For more than 90 years, the habitat dioramas of the Academy of Natural Sciences have captivated generations of visitors. Taken individually, each of these windows into the wilderness provides an intimate encounter with dramatic animals in their habitats. They reveal the wondrous variety and bounty of flora and fauna of our natural world.
On February 7, we published part 1 of our conversation with Jennifer Sontchi, the Academy’s senior director of exhibits and public spaces. For today’s installment, we talked about the renovations and what we can expect to see this spring.
What happens to dioramas as they age?
In the absence of regular cleaning and maintenance, diorama surfaces develop accumulations of dust and grime, as well as color fading, open cracks, and peeling paint. The interpretive graphics become dated and need to be updated so they are accessible, engaging, and educational for today’s audiences.
What do we need to consider when renovating a diorama?
A diorama is an artwork, so we have to consider whether the diorama should be brought back to its original form or we should attempt to enhance it. Will we restore, conserve, or preserve the diorama? The Academy has assembled conservators and other experts to thoroughly address these questions and provide recommendations.
What is actually involved in the work of renovating the dioramas?
The only way to access our Gorilla and Takin dioramas is to remove the glass! Once specialist glaziers safely set aside the enormous panes (below), a lighting design team will enter the diorama at the top to remove the old lighting fixtures and replace them with new LED lamps. The colors and directions of the lights will help tell the story of what time of day, weather, and season the diorama depicts.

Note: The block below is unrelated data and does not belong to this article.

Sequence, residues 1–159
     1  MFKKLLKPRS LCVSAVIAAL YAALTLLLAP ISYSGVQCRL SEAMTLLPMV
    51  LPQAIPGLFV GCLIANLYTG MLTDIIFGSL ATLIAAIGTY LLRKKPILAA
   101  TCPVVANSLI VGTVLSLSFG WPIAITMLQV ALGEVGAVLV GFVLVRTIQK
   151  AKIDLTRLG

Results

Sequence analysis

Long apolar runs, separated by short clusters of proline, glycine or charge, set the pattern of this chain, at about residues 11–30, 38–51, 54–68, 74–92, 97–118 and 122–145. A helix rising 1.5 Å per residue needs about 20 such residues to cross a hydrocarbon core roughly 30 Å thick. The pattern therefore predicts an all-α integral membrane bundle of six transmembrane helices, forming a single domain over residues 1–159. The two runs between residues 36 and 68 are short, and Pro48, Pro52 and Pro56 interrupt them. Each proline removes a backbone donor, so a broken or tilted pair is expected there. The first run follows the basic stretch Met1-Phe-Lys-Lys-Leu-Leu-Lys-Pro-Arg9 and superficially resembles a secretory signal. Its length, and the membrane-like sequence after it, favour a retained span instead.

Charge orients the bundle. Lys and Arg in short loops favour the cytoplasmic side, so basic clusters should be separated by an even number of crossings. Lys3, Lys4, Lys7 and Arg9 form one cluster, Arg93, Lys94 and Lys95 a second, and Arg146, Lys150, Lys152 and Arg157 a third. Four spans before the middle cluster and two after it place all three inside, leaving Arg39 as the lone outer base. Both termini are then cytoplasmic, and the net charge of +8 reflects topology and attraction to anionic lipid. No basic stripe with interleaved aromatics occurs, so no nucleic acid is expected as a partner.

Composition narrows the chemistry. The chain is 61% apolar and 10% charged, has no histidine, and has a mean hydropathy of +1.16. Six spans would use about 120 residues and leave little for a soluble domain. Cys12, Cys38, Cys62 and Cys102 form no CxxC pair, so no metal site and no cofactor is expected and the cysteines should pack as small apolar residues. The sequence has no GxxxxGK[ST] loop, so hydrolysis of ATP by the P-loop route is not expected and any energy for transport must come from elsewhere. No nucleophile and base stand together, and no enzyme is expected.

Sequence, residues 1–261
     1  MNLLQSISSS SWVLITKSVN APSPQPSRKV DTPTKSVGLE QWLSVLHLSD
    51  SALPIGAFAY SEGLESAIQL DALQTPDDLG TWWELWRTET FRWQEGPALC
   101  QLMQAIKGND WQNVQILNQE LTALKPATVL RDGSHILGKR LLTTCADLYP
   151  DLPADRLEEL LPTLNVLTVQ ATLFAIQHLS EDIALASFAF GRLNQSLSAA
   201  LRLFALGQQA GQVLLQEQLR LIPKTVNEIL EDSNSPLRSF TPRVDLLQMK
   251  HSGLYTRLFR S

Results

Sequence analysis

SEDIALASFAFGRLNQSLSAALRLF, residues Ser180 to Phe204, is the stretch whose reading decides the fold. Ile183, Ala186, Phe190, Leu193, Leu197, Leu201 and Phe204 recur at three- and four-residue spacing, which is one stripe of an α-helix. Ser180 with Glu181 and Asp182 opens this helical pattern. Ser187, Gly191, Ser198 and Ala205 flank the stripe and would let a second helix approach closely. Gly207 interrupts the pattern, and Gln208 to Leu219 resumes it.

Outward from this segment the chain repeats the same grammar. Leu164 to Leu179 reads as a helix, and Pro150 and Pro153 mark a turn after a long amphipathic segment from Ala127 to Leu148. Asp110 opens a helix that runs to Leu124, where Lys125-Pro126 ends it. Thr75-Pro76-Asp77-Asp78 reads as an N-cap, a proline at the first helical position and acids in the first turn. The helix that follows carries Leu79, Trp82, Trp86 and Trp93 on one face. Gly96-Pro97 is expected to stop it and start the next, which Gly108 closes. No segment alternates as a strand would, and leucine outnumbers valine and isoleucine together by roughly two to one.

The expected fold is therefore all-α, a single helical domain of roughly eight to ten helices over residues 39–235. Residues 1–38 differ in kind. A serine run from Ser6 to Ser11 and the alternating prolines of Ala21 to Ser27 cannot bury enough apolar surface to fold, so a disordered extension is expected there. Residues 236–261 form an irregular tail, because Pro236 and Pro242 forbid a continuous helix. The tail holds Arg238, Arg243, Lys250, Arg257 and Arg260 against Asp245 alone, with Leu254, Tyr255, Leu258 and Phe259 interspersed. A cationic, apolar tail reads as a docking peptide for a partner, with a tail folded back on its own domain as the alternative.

Next, expert conservators will examine and document the backgrounds, foregrounds, plants, and animals in each diorama. Conservators will work from the back of the diorama to the front, starting with cleaning the background painting. They then remove diorama elements, such as taxidermy and plants, as needed, to gently vacuum and clean with water and cotton swabs. They may also color faded fur, prop up drooping plants, and remake leaves and flowers that have cracked or curled. Everything then goes back exactly where it came from, and specialists clean and replace the glass. When the work concludes, you’ll see a fresher, brighter, more realistic version of that time and place.
Can I watch the work taking place?
Yes, work is scheduled for late this winter and spring, but since we can’t fully predict how the work will evolve, we recommend you check our Facebook page regularly for updates!
Read part 1 of our conversation on what dioramas are and why they matter with Jennifer Sontchi.
This article was originally written for the winter 2018 issue of our member magazine, Academy Frontiers.